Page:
Are you hearing a tapping, pinging or knocking sound coming from under the hood of your car? No, your engine isn't trying to communicate to you in Morse code -- but the sound it makes is telling you that something is wrong. We'll help you narrow it down on this page. There's a very specific condition called "engine knock" that can create such a sound, but there are many other problems that can cause what a lay-person might describe as a knocking noise. We'll detail four of them for you below.

noise from car

If you detect a rapid pinging, tapping sound coming from the engine as you drive, your engine could be suffering from a knock. You may find this problem gets worse as you accelerate. Engine knock is what happens when a portion of the fuel inside the cylinder detonates before the rest of the fuel. When your engine is running properly, the spark plug begins the process of combustion, burning up all the fuel inside the cylinder in one, controlled explosion. If the octane rating of the fuel you've used is too low, or there's another damage elsewhere in the engine, some of this fuel may detonate prematurely. These detonations create the knocking or pinging sound.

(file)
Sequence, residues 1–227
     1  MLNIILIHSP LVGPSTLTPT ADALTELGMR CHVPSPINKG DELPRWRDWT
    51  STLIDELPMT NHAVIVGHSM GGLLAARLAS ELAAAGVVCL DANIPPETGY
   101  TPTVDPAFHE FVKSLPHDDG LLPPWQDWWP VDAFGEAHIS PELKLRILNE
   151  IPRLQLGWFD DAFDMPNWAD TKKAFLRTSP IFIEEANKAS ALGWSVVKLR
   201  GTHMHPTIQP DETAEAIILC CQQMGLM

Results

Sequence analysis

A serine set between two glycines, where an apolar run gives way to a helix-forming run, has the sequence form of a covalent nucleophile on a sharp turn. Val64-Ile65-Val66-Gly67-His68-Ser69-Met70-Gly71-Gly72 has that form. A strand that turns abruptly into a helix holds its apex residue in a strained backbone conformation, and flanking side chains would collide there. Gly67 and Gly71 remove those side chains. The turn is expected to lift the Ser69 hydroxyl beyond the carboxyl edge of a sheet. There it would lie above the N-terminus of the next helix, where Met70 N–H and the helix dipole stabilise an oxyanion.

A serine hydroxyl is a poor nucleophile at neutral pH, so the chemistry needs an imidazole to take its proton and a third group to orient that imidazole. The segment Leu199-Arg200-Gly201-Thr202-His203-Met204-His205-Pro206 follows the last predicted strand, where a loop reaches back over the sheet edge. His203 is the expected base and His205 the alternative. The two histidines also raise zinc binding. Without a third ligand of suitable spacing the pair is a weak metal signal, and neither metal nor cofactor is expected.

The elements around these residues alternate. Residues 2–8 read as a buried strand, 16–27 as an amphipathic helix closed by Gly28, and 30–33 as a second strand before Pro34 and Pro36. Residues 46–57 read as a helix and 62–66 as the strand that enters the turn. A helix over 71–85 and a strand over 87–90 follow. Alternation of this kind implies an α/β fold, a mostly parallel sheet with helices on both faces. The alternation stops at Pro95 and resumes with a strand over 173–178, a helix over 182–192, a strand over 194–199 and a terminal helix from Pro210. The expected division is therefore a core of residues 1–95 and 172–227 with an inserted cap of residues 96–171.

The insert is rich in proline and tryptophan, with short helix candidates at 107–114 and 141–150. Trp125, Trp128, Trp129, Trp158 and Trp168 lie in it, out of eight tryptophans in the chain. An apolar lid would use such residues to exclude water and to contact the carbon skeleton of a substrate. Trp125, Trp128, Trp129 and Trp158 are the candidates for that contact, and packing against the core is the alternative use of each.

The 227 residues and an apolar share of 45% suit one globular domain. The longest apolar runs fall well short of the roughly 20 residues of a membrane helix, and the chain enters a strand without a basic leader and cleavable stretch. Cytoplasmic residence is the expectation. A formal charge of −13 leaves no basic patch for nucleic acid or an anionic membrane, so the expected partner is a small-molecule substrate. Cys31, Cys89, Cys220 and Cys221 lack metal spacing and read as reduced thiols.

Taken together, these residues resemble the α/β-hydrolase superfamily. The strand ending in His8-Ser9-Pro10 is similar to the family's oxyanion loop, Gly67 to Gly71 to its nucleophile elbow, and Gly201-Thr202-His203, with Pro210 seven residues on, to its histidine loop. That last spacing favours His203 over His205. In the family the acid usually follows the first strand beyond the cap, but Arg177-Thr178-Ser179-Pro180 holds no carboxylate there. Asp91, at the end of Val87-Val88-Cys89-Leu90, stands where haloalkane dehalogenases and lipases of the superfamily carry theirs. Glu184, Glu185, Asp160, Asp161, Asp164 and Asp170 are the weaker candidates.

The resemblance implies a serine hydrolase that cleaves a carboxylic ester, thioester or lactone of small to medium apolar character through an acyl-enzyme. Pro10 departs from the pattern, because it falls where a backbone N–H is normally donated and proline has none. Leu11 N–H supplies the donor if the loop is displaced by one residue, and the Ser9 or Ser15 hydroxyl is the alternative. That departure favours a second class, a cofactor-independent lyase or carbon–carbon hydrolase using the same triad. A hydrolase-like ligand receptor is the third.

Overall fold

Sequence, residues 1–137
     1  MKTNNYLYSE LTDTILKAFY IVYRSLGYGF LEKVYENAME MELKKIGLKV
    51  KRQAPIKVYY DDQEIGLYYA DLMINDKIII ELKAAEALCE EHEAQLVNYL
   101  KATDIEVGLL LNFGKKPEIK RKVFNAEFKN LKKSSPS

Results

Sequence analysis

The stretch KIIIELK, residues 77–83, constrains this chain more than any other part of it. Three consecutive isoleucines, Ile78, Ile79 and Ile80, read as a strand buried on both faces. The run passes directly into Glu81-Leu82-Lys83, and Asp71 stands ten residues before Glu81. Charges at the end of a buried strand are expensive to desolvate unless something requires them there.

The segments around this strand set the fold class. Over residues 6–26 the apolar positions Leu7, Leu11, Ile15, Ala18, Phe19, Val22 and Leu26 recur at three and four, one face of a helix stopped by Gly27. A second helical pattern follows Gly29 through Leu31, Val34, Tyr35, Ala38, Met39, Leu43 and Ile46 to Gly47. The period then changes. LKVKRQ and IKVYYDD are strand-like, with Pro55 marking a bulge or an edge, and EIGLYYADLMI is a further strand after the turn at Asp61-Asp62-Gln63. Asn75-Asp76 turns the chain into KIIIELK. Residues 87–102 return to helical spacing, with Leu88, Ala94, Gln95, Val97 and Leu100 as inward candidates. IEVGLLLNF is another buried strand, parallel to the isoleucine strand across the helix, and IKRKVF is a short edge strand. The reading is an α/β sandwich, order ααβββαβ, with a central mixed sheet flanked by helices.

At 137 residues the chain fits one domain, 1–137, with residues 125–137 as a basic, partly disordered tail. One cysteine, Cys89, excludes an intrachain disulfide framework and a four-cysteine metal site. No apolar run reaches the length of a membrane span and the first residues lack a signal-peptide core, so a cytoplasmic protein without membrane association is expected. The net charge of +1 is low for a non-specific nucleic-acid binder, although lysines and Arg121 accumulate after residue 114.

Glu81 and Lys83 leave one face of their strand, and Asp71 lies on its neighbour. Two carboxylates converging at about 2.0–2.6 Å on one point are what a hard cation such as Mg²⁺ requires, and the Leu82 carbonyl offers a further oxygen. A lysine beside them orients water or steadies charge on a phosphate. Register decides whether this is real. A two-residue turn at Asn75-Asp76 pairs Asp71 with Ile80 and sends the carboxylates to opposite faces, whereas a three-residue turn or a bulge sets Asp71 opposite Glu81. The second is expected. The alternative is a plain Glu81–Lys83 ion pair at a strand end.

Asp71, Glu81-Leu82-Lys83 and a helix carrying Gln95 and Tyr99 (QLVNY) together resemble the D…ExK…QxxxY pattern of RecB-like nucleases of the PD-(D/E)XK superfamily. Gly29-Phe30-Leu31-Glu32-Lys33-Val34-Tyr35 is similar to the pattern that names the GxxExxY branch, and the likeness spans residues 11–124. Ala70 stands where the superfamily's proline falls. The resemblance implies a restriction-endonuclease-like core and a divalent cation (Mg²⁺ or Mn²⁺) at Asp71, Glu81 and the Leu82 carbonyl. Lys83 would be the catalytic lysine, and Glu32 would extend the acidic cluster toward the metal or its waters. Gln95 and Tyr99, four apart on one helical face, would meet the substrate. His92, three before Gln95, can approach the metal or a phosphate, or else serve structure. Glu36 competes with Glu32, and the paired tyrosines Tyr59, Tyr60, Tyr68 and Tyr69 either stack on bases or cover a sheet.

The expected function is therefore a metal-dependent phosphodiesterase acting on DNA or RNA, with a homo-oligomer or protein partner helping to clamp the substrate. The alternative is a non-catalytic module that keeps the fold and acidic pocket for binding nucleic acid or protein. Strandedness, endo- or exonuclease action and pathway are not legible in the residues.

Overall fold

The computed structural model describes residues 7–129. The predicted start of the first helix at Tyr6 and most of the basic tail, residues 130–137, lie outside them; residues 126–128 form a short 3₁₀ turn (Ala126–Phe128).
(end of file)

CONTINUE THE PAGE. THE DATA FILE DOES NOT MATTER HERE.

Make sure you're using premium fuel in your car if your engine requires it, as using regular fuel in a car designed for premium fuel is a recipe for engine knock. Engine knock can also be caused by incorrect ignition timing, an incorrect air/fuel ratio, or a malfunctioning knock sensor.

While engine knock is a well-known phenomenon among auto mechanics, there are plenty more things that can cause what you might describe as a knocking sound. For example, as the engine turns, it drives a belt that rotates pulleys on all sorts of accessories under the hood to give them power. These accessories include the water pump, A/C compressor, power steering pump, and possibly more. If these pulleys become cracked, bent, warped, or otherwise damaged, they may begin to rattle as they rotate. The faster the engine spins, the faster these pulleys rotate, which could cause the noise to become louder as you accelerate.

If it's not the pulleys, it could even be the accessory belt itself causing the noise. If you'd describe the noise as a loud, high-pitched, squealing, squeaking or chirping noise, you might have a bad belt. A belt that is slipping stretched out or glazed with something like engine oil might start to make noise, particularly when the engine is cold.

The last possible cause of a knocking noise from your engine is called rod knock. This is the loud clacking noise you may hear if the piston rod bearings become damaged or misaligned. Deep inside the engine, the pistons are attached to the crankshaft. The piston rod encircles the crankshaft with bearings so that the crankshaft can spin and the piston can travel up and down smoothly. Damage to these bearings can allow the rod to knock against the crankshaft, due to a small gap created between the piston rod and the crankshaft.

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